I wanted to write about this because it seems to be a trend I'm seeing with a lot of companies who discuss their methodology of approaching automation.
In the most diligent of companies where I have seen some killer automation there is a pattern across the board that strikes semblance with other companies: Active patterns, lack of anti-patterns, and an adoption of tools that make sense. If a tool is to be adopted, does it replace another? Does it serve a similar function of another?
These are all things considered in that process. In my opinion, these are fantastic things to consider. One observation I've made time and time again with many new companies who are in the process of trying to get to their first level of automation is "ADOPT ALL THE THINGS!" Hey, get kubernetes, get ansible, get terraform, use cloudformation, use chef, use puppet too! Code pipeline? HELL YEAH. You know, I read about making your own tools too! Let's use them all! Before you know it, you've got virtually every team in the company using DIFFERENT tools, there is no cohesion among pipelines and all the projects are now silo'd per team.
This leads to a new problem, how to you optimize that? How do you migrate it? If one team comes in to help another, they now have to learn brand new technology. This of course presents a problem with velocity, which is an anti-pattern but you didn't even realize you were making one.
Let's say for example, one team decides to use a very old technology that's no longer supported. They build some modules in Terraform, another makes their architecture in Cloudformation. Both of these are great to use, but now we have divergence. Instead of being able to tie the architecture build in terraform with cloudformation, or vice versa, we're now at a weird standstill of having to make the call: "Which do we want to use? Do we re-write one of these? Do we keep these projects separate now? Do both teams need to learn both?"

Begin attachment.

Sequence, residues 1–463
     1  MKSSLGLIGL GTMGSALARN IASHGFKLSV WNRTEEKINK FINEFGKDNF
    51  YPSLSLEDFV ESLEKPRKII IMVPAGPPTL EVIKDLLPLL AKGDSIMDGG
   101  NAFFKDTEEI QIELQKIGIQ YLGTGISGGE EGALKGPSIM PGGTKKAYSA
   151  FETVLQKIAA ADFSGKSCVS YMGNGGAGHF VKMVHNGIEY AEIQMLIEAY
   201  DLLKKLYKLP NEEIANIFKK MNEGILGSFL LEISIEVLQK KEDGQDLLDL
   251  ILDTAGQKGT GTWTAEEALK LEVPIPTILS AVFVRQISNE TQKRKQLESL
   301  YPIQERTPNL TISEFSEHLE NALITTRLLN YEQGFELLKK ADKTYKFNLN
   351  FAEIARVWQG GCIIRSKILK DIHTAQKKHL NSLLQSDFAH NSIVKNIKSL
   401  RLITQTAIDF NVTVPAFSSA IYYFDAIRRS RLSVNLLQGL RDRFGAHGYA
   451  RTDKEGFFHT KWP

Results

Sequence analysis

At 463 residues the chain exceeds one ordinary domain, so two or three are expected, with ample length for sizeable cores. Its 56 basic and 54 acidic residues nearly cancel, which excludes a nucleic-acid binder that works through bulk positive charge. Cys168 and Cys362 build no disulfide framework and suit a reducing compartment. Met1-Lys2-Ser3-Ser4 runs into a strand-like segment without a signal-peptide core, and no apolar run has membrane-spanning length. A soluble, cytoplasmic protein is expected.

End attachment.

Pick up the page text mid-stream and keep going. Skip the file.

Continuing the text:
Instead, automation should be seen from the perspective of an adopted pattern or technology that serves a purpose for teams. If Terraform suits your needs, and your teams like it, and you can create infrastructure as code that is repeatable with modules, then adopt it. However, if you decide 3 months down the road to have a team go off on a tangent and start using cloudformation and diverge, if these projects decide to be moved in together at some point, or work together within architecture, well, now you're in a weird place. Divergence is often times, the beginning of anti-patterns.
There's also the poison of letting teams simply just adopt whatever tools they want that deal with automation. This type of divergence can be pretty dangerous in the automation world because there's little to no cohesion. I have seen many cases where a company can't even agree on a communication platform. What if you're using 5 or 6 platforms to communicate? How do you know where to talk to someone? How do you know what's "okay" to discuss outages, or expect a PM from someone on? What about email? Is there set expectations?
Automation is the same way. There are many, many benefits of so many tools, and it can be important to keep on top of the newest tools, setup a lab or a sandbox environment and yes, TRY THEM OUT! At the end of the day, however, the sandbox shouldn't be your production environment for those. Keep it in the sandbox and remember: Patterns, not anti-patterns.
Infrastructure as code should always be thought of as: "How does it scale? How will this scale later? Is there a better way to scale that fits our needs in the long run? Am I using this in a way that's a good pattern and not an anti-pattern, and what cohesion can this drive between teams?"